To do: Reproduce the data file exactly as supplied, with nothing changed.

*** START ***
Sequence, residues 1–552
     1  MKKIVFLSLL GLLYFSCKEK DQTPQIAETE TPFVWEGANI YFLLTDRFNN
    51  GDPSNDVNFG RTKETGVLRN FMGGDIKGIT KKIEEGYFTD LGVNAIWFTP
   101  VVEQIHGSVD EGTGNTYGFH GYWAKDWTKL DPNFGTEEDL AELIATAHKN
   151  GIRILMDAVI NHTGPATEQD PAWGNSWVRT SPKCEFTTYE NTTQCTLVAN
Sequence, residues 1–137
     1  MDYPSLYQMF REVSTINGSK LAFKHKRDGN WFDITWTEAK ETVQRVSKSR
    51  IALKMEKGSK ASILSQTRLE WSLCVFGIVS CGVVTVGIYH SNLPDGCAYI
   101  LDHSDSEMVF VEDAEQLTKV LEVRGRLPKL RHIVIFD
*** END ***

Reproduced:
Sequence, residues 1–552
     1  MKKIVFLSLL GLLYFSCKEK DQTPQIAETE TPFVWEGANI YFLLTDRFNN
    51  GDPSNDVNFG RTKETGVLRN FMGGDIKGIT KKIEEGYFTD LGVNAIWFTP
   101  VVEQIHGSVD EGTGNTYGFH GYWAKDWTKL DPNFGTEEDL AELIATAHKN
   151  GIRILMDAVI NHTGPATEQD PAWGNSWVRT SPKCEFTTYE NTTQCTLVAN
Sequence, residues 1–137
     1  MDYPSLYQMF REVSTINGSK LAFKHKRDGN WFDITWTEAK ETVQRVSKSR
    51  IALKMEKGSK ASILSQTRLE WSLCVFGIVS CGVVTVGIYH SNLPDGCAYI
   101  LDHSDSEMVF VEDAEQLTKV LEVRGRLPKL RHIVIFD